(The device)… consists of a thin sheet of resin–fiberglass composite, just a few centimeters across, segmented into 32 triangular panels separated by flexible silicone joints. Some of the joints have heat-sensitive actuators that bend 180 degrees when warmed by an electric current, folding the sheet over at that joint. Depending on the program used, the sheet will conduct a series of folds to yield the boat or airplane shape in about 15 seconds. The folding-sheet approach is an extension of the field of computational origami, the mathematical study of how flat objects can be folded into complex, three-dimensional structures.
… Well a bunch of multimeters to be exact. I found this in my mailbox today:
Your readers are sure to get a kick out of my latest clock project. The clock consists of three multimeters, the first meter displays hours, the second displays minutes and the last displays seconds. A 16F628A PIC microcontroller keeps track of time and outputs a calculated current to each meter to display the current time.
Heck yeah, that’s pretty darn cool!
I thought it would be cool to have a clock that looks like an old Simpson 260 multimeter. The clock consists of three multimeters, the first meter displays hours, the second displays minutes and the last displays seconds.
Check out his project on his page:
I’ve been a fan of airships for years and I think it’s great that their unique functionality is once again going to be used.
The airships – which have been dubbed Long Endurance Multi-Intelligence Vehicle (LEMV) systems – will be deployed in just 18 months.
“It is critical [for] our warfighters [to be] equipped with more enabling integrated ISR capability to tackle today’s and tomorrow’s conflicts,” explained Northrop spokesperson Alan Metzger.
“[So], we have designed a system with plug-and-play capability to readily integrate into the Army’s existing common ground station command centers and ground troops in forward operating bases.”
According to Metzger, the LEMVs are expected to be capable of sustaining altitudes of 20,000 feet for a three-week period.
Sounds like a great idea, this would solve the low (or non existent) wireless data rates that are found in the core of large buildings. Should be inexpensive to implement as well. So when can I get my LightFi lamp and alarm clock combo?
The objective of the initiative is to use visible light for communication between wireless devices and LED-based lighting fixtures. The LED-based scheme could also be used to communicate between automobiles, which are increasingly being equipped with LED lamps. The overall goal is to build new communication capabilities into all LED lights and reduce congestion in current RF bands.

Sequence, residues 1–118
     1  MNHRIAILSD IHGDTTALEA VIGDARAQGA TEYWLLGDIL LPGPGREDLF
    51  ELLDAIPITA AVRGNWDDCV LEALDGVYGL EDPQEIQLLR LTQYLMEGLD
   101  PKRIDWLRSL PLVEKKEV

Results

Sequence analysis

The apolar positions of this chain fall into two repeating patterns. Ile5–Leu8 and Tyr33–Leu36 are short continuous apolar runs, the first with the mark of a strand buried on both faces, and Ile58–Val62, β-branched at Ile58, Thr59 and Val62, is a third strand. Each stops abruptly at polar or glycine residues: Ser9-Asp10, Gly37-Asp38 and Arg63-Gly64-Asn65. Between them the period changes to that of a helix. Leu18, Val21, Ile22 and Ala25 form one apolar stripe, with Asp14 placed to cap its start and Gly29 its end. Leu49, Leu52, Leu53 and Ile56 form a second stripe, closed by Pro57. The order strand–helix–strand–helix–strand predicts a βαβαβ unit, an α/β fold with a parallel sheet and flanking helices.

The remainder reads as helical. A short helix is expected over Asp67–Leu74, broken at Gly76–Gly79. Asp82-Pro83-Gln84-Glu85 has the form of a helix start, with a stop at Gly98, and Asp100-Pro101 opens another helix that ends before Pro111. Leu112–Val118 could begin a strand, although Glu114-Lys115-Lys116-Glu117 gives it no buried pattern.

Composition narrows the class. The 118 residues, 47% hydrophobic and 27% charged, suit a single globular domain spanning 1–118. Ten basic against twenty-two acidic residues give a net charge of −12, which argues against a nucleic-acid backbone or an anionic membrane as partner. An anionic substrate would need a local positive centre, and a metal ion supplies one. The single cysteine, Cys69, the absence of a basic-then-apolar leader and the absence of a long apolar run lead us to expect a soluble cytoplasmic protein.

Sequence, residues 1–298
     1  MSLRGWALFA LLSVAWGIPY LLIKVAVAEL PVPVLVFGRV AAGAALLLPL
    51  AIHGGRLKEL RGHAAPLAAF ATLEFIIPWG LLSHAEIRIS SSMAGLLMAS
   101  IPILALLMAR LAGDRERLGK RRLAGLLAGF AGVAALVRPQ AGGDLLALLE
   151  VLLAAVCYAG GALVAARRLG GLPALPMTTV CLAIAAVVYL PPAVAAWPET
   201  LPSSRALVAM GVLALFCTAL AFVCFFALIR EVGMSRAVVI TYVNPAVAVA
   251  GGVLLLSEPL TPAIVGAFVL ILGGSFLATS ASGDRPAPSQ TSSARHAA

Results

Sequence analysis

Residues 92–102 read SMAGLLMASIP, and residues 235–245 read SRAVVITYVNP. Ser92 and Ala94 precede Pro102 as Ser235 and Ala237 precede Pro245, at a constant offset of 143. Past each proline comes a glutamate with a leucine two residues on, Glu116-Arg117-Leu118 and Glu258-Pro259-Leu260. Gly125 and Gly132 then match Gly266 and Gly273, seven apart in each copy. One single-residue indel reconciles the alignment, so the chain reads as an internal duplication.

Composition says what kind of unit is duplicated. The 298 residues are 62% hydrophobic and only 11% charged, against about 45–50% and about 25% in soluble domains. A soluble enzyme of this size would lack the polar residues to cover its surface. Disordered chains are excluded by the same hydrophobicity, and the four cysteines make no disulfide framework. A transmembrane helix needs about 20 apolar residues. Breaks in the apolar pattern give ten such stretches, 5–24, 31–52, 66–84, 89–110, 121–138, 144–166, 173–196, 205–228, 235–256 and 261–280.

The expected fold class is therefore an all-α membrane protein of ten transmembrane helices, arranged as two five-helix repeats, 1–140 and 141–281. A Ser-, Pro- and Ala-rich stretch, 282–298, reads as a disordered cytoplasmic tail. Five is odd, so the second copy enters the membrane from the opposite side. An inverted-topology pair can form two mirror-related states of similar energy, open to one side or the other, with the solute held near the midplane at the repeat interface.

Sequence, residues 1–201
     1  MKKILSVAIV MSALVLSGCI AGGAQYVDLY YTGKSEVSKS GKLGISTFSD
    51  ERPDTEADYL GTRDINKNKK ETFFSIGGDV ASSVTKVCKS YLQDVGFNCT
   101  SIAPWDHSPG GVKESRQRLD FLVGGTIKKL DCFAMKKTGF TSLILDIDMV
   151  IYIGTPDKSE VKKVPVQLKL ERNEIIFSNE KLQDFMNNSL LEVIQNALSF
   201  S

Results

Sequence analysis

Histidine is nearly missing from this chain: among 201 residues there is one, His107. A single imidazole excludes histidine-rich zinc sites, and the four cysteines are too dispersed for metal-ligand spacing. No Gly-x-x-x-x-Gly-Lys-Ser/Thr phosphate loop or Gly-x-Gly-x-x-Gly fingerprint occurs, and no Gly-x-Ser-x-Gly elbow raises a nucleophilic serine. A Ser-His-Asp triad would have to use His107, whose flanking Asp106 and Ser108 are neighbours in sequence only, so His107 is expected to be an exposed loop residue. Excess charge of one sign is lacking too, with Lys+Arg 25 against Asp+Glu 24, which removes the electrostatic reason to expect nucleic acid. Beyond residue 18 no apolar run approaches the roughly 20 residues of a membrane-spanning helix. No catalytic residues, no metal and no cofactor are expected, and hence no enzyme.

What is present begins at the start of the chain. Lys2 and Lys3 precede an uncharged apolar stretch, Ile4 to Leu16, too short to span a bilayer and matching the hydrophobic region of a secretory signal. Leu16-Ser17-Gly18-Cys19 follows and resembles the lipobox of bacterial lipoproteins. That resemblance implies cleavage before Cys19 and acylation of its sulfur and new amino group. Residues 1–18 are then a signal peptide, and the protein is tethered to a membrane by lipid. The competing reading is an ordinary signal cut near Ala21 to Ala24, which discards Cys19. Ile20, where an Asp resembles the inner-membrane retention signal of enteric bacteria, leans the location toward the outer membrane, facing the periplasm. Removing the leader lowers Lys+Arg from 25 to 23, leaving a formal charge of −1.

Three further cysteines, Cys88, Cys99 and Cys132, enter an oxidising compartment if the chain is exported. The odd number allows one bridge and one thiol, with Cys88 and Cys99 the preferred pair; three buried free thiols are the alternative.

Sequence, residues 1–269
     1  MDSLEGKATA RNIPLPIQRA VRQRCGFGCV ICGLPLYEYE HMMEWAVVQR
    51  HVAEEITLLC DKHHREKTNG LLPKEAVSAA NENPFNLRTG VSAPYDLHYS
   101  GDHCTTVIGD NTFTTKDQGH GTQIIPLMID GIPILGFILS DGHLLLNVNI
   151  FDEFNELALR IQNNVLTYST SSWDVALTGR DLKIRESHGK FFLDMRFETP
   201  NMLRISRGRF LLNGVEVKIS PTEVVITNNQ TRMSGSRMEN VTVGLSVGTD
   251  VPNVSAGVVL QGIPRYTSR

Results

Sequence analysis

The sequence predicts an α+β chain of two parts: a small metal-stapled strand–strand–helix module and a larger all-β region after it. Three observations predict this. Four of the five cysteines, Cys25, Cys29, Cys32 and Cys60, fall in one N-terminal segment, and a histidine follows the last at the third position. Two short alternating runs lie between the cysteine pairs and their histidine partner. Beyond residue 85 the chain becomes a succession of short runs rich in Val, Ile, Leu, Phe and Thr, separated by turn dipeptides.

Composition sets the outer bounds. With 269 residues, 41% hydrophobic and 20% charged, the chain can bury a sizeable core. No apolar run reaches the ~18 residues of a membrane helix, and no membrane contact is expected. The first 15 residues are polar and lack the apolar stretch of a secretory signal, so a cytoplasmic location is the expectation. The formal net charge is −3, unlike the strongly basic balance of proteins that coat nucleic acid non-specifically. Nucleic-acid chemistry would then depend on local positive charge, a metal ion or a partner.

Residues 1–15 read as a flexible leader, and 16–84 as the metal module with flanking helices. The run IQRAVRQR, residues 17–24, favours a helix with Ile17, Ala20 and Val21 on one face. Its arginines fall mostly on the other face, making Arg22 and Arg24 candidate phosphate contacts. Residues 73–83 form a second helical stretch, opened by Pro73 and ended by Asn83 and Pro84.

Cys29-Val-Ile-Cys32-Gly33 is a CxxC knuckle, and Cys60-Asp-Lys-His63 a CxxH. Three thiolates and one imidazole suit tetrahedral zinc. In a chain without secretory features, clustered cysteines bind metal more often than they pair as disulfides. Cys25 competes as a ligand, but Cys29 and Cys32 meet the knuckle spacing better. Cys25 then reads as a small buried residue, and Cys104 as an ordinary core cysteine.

Landing on Mars in May of 2008, the NASA Mars Phoenix Lander worked remarkably well until November of the same year. It sent back hundreds of images and did soil testing that found calcium carbonate and perchlorate. The mission was only supposed to last for three months but like other NASA missions the service life of the lander exceeded expectations and only ended when the winter sun could no longer charge the probes batteries. When the Martian winter had passe it was hoped that the lander might have survived the deadly cold (-87C) and contact could once again be established. However it was not to be. The lander was no longer responding to commands issued from NASA’s Mars Odyssey orbiter as it did a number of passes over the landing site in multiple listening campaigns. Eventually an image was obtained from the HiRISE camera on the Mars Reconnaissance Orbiter the that confirmed the speculation that an estimated 100 pounds of icy buildup has damaged the delicate solar panels.
Phoenix Mars Lander is Silent, New Image Shows Damage.
I’ve been waiting a while for news of this. It’s fantastic that a demo has finally made it off the ground, please pardon the pun… Not too sure about the ‘play in the stands’ notion, that might be too much of a gmick for the spectators to handle.
A single rocket racer flew in front of the aviation crazed crowd at Oshkosh, Wisconsin, in 2008 with its short bursts of rocket power allowing the pilot to climb and maneuver unlike a traditional airplane. As one of the test pilots explains in the video after the jump, it’s full throttle or nothing at all, giving pilots a boost of power…